From time to time, I like to take a moment to ask myself, “Why do I blog?”
I think this is a good time for me to be doing one of these type posts because as most bloggers know, after returning from a hiatus, it is hard to get back into the swing of things. Often you have to remind yourself you are doing this for such and such reasons to the point that it becomes a mantra again. Only when I fall back into the rigors of reading and writing for the blog, do I stop needing to ask and tell myself why I blog.
Jonathan Gitlin‘s post over at his Arstechnica blog Noble Intent reminds me of one of the reasons why I blog, the need to communicate science to the larger public. Far too frequently have I heard the argument from my non-science friends and family that scientists have created a big communication gap between themselves and the rest of the world. I listened to what they said and decided to pick up arms, fight the good fight, and help bring anthropology to the masses. So, to say that I totally agree with Gitlin’s argument that science is inundated with,
“too much use of jargon, and far too many research papers are downright painful to read. All of this puts a barrier between their research and those who want to know what it all means, and that’s bad both for scientists and society at large,”
is a bit of an understatement.
And that’s part of the reason as to why I blog. I know I wanna be in academia in some form or another for the rest of my life, and since I see the discord in communication between science and the rest of the world growing, I feel there’s a strong need to fill that gap. I decided to blog because I knew the rest of my life would be dedicated to reading and writing in some form or another. Also, I don’t consider my writing skills really top notch, so I continue to see and use blogging as an opportunity to spice up my style and structure.
But I digress… In the past, and present, science journalism has been filling the communication gap. Science journalists are trained writers and they have all the tricks under their sleeves to not only pick and choose the new hotness in science but also to translate it. News sources like National Geographic News and EurekAlert are a couple of the science journalist sources that I use to bring new papers and publications to me. I also use them so I can read and understand the gist of a paper before I decide to devote some time to seriously spending time to read and comprehend the first hand account. But as Gitlin points out, I too see that science journalism is becoming as shoddy as the latter form of communication that it tries to translate.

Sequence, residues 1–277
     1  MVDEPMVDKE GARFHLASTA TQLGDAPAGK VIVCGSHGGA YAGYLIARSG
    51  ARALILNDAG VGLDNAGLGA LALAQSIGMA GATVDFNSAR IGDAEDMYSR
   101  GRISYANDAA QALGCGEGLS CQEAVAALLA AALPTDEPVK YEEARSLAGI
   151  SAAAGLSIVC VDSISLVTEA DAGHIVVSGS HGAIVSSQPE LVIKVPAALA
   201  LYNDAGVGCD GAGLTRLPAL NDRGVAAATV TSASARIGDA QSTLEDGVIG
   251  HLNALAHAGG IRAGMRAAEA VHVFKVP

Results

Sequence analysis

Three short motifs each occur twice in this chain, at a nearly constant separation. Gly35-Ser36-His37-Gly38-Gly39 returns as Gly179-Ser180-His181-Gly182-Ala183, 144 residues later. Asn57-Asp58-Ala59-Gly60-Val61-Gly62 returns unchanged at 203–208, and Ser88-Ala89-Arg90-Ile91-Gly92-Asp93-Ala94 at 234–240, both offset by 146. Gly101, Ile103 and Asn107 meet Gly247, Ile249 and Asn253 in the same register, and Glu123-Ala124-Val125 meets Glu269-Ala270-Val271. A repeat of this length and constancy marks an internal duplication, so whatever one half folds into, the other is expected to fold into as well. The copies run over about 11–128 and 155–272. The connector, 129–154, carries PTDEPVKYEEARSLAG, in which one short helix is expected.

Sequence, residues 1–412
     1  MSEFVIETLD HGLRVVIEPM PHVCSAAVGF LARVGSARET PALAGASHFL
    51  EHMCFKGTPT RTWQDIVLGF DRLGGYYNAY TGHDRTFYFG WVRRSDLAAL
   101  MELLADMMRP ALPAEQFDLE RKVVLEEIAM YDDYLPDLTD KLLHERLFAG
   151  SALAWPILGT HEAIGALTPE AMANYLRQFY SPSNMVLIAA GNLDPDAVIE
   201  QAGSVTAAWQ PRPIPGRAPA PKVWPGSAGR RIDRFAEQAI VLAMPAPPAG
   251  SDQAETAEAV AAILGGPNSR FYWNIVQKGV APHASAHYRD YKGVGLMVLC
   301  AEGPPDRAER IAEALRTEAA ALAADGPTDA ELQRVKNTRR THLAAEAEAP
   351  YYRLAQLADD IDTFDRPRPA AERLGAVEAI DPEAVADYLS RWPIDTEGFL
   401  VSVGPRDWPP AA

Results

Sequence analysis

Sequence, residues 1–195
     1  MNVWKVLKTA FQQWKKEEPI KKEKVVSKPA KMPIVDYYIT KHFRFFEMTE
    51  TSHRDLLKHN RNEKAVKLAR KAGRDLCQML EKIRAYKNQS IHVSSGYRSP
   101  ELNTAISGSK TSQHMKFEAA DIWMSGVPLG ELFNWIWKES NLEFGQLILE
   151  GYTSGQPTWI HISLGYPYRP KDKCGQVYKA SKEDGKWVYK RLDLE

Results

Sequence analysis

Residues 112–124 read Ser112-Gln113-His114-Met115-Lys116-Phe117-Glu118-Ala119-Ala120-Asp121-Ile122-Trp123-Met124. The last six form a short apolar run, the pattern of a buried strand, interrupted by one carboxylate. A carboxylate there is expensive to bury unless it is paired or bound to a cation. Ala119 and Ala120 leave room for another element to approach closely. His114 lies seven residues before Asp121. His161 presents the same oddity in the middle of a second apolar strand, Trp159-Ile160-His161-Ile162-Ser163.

This is where I see blogging intervene. During the two plus year that I’ve been running this site, I’ve seen more and more academics approach blogging as a form of media and news. Even the academics that don’t yet have blogs have directly contacted me because of this blog or better yet commented back to posts I’ve written to clarify or criticize my thoughts on their papers. This is an awesome and remarkable change. I feel like we are seeing a change to the publish and perish mentality that has plagued academia for sometime. A commenter, Norton, to Gitlin’s post writes,
“Publish or perish actually works to make scientists worse at communicating — more more precisely, frequently makes them do it poorly.”
But with an online reputation to track and trace, academics can now easily see how the public feels about their research.
With all that said, I hope more and more scientists and researcher turn to blogging as a form of communication and discussion… especially anthropologists. I know most of ya anthrophiles out there have computers and the internets, but am bewildered as to why we have such a small representation out here on the web.
Anthropology and the internet is like a match made in Heaven, seriously. And, I’m not being entirely naive here… take for example the Hadzabe dilemma that’s been circulating around the anthro-blogosphere. This is a case-in-point situation where blogging is helping facilitate discussion and exchange ideas on how to confront a serious issue facing cultural anthropology and ethnoarchaeology. Already, in our circle of five or so blogs, we have started brainstorming up things to do and drafting up letters of protest to help out the Hadza. I’m pretty sure that this hasn’t been how things we done 10 years ago, and I’m even more sure that this will be more dynamic and fluid in 10 years time… and we’ve got blogging to thank for that!